AD20: Autism Dialogue 2020

circle of chairs“It is both epistemologically, as well as ethically problematic if the autistic voice is not heard in relation to social scientific research seeking to further develop knowledge of autism. Ever since autism first emerged, it has remained medicalised and almost exclusively the preserve of non-autistic researchers.” (Chown, Robinson, Beardon et al. 2017)

Welcome to our third annual programme!

Autistic adults, friends and family, supporters, organisational practitioners, academics and educators are encouraged to join a safe space where multiple perspectives are held and to learn experientially, the benefits of Professional Dialogue, to together address the crises we all face.

Only with Dialogue can we expect to truly meet each other and discover together how to address fundamental problems and replace them with collective human potential and success.

We aim to narrow the autism research to practice gap, dispel some of the myths and hasten the focus on strengths-based approaches, away from deficit models of autism, using Professional Dialogue. The Autism Dialogue approach has been developed by a core team of mostly autistic people and continues to evolve.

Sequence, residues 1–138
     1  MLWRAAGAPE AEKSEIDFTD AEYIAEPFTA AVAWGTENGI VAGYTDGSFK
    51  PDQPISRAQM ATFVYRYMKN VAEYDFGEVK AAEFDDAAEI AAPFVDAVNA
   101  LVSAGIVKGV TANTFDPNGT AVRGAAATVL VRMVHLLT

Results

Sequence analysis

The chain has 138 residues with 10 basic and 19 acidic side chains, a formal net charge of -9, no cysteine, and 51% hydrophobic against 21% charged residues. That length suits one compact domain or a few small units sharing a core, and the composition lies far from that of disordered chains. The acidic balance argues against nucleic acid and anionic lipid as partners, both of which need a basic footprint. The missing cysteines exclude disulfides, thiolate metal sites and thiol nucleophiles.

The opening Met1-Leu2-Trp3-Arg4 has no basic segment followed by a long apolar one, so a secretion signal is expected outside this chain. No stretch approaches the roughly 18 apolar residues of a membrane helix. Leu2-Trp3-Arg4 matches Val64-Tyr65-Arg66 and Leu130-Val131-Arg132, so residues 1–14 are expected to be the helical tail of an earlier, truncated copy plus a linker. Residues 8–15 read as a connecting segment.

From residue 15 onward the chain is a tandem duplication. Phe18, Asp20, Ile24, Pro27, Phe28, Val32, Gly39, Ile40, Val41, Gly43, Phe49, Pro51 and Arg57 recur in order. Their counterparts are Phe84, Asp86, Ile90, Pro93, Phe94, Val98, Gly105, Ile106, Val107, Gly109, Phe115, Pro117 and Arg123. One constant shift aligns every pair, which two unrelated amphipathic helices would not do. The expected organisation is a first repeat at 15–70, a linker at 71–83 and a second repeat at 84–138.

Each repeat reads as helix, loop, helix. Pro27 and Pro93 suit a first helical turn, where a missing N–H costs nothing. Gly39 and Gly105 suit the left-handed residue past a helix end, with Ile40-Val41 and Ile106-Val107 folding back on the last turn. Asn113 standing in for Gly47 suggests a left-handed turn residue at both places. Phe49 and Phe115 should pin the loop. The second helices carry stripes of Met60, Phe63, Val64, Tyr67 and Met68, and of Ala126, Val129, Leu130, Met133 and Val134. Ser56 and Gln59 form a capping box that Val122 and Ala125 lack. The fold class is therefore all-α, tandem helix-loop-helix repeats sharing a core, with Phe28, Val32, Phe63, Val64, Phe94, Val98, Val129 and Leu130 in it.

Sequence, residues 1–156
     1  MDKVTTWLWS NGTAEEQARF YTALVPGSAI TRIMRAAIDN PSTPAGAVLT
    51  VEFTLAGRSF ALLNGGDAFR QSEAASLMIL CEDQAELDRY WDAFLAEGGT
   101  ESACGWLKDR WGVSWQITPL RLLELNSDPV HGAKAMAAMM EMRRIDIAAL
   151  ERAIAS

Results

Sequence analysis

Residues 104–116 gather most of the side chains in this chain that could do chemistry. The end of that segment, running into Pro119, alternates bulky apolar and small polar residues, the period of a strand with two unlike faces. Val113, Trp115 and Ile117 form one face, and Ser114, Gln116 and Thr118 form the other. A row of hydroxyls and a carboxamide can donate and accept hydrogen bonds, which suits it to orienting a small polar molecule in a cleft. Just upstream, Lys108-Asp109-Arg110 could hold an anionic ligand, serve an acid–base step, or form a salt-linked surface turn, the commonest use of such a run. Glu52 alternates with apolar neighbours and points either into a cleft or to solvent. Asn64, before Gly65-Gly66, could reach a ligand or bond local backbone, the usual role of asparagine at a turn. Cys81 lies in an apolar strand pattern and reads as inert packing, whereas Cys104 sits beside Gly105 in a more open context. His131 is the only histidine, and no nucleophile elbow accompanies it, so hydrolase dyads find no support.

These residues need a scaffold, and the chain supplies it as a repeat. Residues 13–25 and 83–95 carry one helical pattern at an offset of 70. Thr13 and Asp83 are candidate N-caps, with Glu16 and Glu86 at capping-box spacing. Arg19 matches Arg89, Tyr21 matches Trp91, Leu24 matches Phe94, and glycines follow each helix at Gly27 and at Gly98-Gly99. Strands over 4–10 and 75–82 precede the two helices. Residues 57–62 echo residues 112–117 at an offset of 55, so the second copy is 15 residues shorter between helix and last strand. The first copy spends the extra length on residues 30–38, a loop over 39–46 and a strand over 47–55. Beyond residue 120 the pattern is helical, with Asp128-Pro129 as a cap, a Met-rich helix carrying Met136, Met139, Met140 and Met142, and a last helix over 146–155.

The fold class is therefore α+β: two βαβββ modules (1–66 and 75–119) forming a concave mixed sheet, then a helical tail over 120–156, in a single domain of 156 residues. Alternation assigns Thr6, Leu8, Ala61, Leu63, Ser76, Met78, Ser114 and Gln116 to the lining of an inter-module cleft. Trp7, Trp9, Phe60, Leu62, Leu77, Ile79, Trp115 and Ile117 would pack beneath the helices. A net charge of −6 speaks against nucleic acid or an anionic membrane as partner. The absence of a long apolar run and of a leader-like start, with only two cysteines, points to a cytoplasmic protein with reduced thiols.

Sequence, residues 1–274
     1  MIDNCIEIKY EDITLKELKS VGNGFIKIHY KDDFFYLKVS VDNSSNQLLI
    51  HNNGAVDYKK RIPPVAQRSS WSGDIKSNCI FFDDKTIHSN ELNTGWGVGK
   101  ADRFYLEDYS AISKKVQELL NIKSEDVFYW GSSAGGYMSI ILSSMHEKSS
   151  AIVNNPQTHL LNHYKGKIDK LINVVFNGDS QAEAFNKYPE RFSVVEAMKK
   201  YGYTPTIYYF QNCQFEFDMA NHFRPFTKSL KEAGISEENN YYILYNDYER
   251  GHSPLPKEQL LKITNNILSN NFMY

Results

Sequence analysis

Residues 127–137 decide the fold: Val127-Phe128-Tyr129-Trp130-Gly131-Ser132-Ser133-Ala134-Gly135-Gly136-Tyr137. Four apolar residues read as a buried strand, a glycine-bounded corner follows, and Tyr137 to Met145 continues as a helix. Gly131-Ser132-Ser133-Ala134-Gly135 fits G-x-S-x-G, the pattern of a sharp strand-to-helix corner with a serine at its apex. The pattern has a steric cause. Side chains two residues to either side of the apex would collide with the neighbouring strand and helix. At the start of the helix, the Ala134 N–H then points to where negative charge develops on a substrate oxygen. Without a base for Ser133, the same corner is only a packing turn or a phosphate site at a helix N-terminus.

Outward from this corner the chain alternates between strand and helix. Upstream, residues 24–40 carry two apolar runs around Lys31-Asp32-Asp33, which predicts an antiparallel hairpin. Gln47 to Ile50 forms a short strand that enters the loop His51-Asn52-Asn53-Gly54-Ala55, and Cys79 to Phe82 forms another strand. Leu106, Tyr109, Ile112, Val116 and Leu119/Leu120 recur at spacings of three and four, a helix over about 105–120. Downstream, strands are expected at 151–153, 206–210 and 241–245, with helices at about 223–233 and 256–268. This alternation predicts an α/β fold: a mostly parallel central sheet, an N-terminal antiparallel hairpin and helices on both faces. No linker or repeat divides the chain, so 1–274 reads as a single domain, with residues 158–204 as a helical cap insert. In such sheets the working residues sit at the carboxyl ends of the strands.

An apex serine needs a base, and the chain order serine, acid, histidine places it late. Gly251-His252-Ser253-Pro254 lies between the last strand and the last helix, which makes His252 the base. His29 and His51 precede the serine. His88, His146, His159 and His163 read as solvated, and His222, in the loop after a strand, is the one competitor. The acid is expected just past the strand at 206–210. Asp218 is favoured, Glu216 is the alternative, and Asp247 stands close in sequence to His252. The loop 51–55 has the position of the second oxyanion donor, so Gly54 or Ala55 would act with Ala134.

Be at the heart of the creation of powerful and empowering autism communities.

Limited to 24 places only.

Book Here

Accessibility

We always try to make our events as universally ‘autism-friendly’ as possible and there are quiet areas in the building. The building is full wheelchair accessible.

A video of walking into the building is here


the world needs dialogue book cover‘Autism Dialogue’ chapter by Jonathan Drury is included in the first volume from Dialogue Publications, ‘The World Needs Dialogue. One: Gathering the Field’, a collection of 19 essays from professional dialogue practitioners. Buy a copy here.

“We are not creatures who merely acquire and use language. Instead, we are in and through language, constituted and continually re-constituted via our participatory sense-making.” – Prof. Mark Johnson, University of Oregon, 2019 https://mitpress.mit.edu/books/linguistic-bodies

 

Chown, N., Robinson, J., Beardon, L., et al (2017) Improving research about us, with us: a draft framework for inclusive autism research, Disability & Society, 32:5, 720-734, DOI: 10.1080/09687599.2017.1320273